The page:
«No. We haven't quite finished our job yet», said Janet. «We ought to follow the tracks as far as they go. Come on – we'll see if they go as far as the stream. There are two lots of tracks all down the lane, as we saw – so it's clear that the car and trailer went down, and then up again. We'll find out where they turned.»
That was easy. The tracks went down to a field-gate, almost to the stream. Someone had opened the gate, and the car had gone in with the trailer, and had made a circle there, come out of the gate again, and returned up the lane. It was all written clearly in the tyre-tracks.
«Well, that's the story of last night», said Janet, pleased at their discoveries. «The car and the thing it was pulling came from the direction of Templeton, turned down into this lane, stopped outside the old house, where people got out and messed around – and then went down to the field, someone opened the gate, the car and trailer went in and turned, and came out again and went up the lane – and disappeared into the night. Who or what it brought in the trailer-van goodness knows!»
«Funny thing to do at that time of night», said Barbara.
«Very queer», agreed Janet. «Now let's go back to the old house and wait for the boys.»
«It's almost one o'clock», said Barbara. «Do you think they're still there?
They hung over the gate and watched and listened. To their horror the old caretaker came rushing out as soon as he saw them, his big stick in his hand.
«More of you!» he cried. «You wait till I get you. You'll feel my stick all right. Pestering, interfering children! You just wait!»
But Barbara and Janet didn't wait! They fled up the lane in fright, as fast as they could possibly go in the soft thick snow.
7 – A Talk With the Caretaker
The three boys and Scamper had had an exciting time. They had gone down the lane, noting the car-tracks as they passed. They came to the old house. They saw that the gate was shut. They leaned over the top and saw tracks going up the drive.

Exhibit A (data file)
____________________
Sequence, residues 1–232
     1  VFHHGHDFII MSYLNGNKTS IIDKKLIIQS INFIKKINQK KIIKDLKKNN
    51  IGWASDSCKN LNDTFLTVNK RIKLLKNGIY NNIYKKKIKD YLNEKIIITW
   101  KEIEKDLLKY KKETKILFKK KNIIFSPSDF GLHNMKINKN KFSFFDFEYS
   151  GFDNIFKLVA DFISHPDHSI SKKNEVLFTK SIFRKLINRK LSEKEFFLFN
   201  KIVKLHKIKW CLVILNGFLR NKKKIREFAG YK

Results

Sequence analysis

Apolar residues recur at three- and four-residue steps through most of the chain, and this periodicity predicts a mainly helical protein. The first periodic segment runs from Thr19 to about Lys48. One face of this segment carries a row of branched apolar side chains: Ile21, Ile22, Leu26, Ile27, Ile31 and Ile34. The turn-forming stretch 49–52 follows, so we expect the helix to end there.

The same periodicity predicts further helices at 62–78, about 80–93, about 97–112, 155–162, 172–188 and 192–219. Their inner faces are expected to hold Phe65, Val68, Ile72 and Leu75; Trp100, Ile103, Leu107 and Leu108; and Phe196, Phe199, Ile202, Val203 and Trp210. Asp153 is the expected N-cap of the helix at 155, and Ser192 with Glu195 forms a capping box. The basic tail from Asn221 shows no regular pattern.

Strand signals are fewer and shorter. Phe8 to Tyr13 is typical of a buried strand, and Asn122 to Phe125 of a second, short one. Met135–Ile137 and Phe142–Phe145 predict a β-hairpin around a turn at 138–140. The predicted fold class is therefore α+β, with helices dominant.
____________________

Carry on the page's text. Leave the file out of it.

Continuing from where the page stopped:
«There's my footprints that I made yesterday morning», said Peter, pointing to them. «And look, you can see Scamper's paw-marks here and there too – but our tracks are all overlaid with others – bigger footmarks – and other marks too, look – rather queer.»
«A bit like prints that would be made by someone wearing great flat, roundish slippers», said Jack, puzzled. «Who would wear slippers like that? Look, you can see them again and again, all over the place. Whoever wore them was prancing about a bit! Probably being dragged in.»
The boys leaned over the gate and considered all the marks carefully. They traced them with their eyes as far as they could see.
«Can any of you make out if the tracks go up the front door steps?» said Colin. «I can't from here – but it rather looks to me as if the snow is smooth up the steps – not trampled at all.»
«I can't make out from here», said Peter. «Let's go up the drive. After all, we've got to interview the caretaker and find out if he heard anything last night. So we've got to go in.»